Kitsch and Catholicism
Of course, art and architecture which is well done and beautiful is to be preferred. Michaelangelo instead of Thomas Kincade, and there are real criteria for good art and architecture, but that is not today’s topic. Instead I am defending Catholic kitsch.
Finally, what is the role of kitsch? It’s pretty low down on the priorities, but there is also a role for the tacky, plastic devotional items one sees in souvenir stands. They are imitative. The plastic holy water bottle of the Virgin Mary reminds the viewer of more worthy images, and ultimately of the Blessed Virgin. The kitsch also has the advantage of being affordable for people who are often very poor, and if their devotion to God is improved and they love their plastic St Therese and pray more, isn’t that better than snobbishly sniffing and sneering at their ‘bad taste’? Furthermore, kitsch makes Catholicism a bit more fun. There’s a child like fun in having a post card of Jesus which changes into Mary when you move it. There’s a sense of not being quite so serious when you have a glow in the dark rosary and actually use it at night when you can’t sleep.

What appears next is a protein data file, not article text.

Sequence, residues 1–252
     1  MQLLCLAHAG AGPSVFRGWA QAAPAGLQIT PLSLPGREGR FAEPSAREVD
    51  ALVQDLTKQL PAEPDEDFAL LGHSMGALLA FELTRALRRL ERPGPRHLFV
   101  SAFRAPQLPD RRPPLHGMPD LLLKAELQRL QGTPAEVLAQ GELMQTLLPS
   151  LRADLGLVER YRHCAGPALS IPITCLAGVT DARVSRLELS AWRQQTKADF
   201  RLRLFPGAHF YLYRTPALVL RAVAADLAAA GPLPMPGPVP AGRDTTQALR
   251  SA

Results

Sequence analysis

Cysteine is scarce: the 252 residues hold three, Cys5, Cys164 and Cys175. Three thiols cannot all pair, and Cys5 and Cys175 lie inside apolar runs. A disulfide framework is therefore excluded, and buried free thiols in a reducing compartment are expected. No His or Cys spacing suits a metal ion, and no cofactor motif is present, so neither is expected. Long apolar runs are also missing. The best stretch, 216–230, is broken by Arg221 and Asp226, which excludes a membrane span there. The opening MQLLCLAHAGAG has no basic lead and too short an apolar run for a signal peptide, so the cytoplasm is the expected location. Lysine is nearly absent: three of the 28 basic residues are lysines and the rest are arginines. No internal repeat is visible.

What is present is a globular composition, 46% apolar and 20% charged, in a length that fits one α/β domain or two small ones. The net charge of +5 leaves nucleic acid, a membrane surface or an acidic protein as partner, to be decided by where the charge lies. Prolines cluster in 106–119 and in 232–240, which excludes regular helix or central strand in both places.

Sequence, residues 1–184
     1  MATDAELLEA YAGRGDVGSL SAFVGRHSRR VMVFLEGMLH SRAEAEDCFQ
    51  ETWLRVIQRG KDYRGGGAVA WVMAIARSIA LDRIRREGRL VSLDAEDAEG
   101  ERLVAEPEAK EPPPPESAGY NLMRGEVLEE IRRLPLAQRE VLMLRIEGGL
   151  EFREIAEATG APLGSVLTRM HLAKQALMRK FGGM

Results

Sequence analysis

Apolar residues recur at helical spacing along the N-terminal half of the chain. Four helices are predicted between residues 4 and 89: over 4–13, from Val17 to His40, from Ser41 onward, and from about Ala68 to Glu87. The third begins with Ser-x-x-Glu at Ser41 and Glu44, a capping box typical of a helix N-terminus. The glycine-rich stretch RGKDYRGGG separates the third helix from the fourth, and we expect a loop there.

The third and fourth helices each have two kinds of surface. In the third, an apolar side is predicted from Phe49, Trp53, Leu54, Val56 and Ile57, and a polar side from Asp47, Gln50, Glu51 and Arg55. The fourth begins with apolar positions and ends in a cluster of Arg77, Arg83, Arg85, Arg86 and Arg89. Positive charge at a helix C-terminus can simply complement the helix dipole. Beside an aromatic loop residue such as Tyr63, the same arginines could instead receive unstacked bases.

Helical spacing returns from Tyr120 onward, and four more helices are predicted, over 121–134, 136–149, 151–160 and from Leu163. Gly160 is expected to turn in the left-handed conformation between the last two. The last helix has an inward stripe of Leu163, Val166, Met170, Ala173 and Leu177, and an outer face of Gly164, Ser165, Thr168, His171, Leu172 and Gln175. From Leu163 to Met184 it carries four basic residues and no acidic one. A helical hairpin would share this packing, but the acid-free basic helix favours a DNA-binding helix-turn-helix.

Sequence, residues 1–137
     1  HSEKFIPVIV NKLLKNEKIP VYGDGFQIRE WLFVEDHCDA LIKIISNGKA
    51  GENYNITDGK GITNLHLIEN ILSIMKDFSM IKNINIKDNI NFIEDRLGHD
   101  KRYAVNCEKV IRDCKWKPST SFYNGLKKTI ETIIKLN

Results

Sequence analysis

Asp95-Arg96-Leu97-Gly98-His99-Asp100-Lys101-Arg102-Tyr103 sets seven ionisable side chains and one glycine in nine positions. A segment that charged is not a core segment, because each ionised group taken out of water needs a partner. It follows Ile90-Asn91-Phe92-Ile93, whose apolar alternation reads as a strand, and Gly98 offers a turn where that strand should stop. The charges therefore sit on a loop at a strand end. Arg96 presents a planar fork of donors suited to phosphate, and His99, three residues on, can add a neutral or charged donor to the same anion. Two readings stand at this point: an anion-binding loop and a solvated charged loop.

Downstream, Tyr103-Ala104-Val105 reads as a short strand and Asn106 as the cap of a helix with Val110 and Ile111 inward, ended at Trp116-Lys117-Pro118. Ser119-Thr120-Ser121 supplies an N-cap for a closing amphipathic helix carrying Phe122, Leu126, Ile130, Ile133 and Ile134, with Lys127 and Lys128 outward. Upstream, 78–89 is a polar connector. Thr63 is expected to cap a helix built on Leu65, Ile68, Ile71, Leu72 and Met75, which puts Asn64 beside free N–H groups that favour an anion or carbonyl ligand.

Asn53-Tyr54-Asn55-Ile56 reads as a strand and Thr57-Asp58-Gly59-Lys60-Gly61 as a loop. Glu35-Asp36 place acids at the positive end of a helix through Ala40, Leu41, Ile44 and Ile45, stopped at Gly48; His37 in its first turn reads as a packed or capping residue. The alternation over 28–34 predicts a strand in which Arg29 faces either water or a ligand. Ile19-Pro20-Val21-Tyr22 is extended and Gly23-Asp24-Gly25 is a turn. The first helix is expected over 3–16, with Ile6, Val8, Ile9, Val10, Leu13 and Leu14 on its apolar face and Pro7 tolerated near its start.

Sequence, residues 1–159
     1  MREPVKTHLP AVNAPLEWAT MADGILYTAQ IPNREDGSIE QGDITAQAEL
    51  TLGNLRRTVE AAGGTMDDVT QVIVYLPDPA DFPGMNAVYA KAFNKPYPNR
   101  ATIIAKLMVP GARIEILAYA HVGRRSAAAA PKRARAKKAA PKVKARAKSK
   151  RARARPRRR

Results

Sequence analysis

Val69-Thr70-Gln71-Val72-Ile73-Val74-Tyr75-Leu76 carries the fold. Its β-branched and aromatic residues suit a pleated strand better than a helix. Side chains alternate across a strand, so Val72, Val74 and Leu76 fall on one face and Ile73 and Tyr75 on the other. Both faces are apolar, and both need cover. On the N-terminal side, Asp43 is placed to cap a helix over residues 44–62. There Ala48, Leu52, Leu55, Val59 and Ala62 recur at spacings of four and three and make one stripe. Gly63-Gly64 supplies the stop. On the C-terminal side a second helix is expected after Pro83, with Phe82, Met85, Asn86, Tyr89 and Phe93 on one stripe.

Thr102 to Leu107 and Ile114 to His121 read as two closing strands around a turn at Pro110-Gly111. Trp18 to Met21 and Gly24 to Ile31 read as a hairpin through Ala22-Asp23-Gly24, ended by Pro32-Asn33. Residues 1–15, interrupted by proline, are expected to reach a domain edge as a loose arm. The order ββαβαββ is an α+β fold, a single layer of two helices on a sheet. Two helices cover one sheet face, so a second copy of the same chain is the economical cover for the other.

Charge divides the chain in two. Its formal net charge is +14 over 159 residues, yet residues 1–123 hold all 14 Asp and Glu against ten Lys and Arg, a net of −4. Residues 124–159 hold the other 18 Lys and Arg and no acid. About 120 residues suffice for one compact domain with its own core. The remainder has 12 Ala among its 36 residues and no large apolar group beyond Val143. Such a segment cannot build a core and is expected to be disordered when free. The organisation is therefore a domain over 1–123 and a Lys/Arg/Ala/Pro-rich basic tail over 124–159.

Here is my recommendation to all converts to Catholicism. Get a statue that you think is ‘absolutely awful’ and live with it. It will help you get Catholicism into your bones a bit more.
When my brother converted I bought him a little plug in Virgin Mary night light and said, “Now you’re really a Catholic.”
A perfect response to Sr Mary Charles-Murray, who attacked 'Catholic kitsch' in Art and Prayer.
Last year, I bought my sponsor a 'Miraculous Mug.' When you put hot water in it, a picture of the Blessed Virgin appears.